What now for the bill? Given that Fine Gael had made promises of greater transparency at NAMA in its general election manifesto and given the senator is a Fianna Fail member, you might think the chances for the bill progressing would be quite good. You can see its latest progress in the Oireachtas here. NAMA had no comment on the proposed legislation, which is consistent with the Agency’s general stance in distancing itself from the political process.

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Yesterday saw the publication of the December 2011 IPD Monthly Property Index for the UK. The IPD (Investment Property Database) index is the only UK commercial index referenced by NAMA’s Long Term Economic Value Regulations (Schedule 2) and is used to help calculate the performance of NAMA’s “key markets data” shown at the top of this page.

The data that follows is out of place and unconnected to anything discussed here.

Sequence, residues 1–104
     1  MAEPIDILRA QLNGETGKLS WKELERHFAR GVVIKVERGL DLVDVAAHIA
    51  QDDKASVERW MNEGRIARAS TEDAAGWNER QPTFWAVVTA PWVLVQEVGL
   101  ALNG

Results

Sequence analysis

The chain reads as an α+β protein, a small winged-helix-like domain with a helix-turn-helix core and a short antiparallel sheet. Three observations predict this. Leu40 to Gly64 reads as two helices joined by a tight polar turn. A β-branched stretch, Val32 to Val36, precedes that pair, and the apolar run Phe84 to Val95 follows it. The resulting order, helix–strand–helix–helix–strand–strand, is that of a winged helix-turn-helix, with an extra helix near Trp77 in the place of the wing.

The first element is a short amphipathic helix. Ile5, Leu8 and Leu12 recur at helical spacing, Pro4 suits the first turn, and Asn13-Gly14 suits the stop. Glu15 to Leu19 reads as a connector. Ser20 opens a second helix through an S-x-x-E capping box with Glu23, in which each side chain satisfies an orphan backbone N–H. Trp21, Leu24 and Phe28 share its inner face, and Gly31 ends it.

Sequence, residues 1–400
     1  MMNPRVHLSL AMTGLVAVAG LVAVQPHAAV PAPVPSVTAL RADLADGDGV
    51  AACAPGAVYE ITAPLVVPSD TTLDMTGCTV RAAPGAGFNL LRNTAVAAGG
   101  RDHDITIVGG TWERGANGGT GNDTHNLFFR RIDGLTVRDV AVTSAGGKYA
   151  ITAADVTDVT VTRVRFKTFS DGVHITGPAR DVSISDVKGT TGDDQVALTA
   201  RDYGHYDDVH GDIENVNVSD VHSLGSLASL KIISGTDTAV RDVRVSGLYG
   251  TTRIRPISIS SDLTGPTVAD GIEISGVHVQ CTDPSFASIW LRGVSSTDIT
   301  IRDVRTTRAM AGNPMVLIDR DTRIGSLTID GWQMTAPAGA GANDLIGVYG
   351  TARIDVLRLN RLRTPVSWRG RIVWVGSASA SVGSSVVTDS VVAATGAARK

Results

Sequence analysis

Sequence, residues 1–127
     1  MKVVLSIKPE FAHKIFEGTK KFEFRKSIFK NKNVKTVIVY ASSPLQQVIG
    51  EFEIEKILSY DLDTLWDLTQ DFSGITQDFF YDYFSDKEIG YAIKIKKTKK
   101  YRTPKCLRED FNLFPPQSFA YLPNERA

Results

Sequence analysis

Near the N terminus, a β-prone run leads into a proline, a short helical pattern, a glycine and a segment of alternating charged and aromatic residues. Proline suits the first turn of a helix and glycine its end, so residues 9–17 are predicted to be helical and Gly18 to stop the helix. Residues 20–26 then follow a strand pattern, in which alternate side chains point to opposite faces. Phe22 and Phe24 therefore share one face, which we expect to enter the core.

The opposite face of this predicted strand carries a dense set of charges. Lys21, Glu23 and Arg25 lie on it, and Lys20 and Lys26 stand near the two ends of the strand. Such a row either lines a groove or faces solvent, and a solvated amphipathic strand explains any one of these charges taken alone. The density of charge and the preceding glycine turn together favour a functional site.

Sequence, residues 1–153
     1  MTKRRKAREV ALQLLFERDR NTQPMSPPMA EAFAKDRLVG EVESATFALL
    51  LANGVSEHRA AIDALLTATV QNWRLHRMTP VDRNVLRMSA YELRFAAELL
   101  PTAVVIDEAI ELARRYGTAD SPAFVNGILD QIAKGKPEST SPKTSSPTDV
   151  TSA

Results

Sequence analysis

The Index shows that capital values fell by 0.1% in December 2011, following several months of almost flat performance. Prices reached a peak in June 2007 and fell steadily until August 2009 when the current rally started. Prices then increased by 15% in the year to August 2010 but since then prices are up a measly 1.9% and in six of the last 12 months the monthly increase had only been 0.1%. Overall since NAMA’s Valuation Date of 30th November, 2009 prices have increased by 11.4%. Commercial prices in the UK are now 34.2% off their peak in June 2007. On an annual basis prices are up by 1.2%. The NWL index  remains at 828 which means that NAMA needs to see a blended increase of 20.7% in property prices across its portfolio to break even at a gross profit level (taking into account the fact that subordinated bonds will not need be honoured if NAMA makes a loss).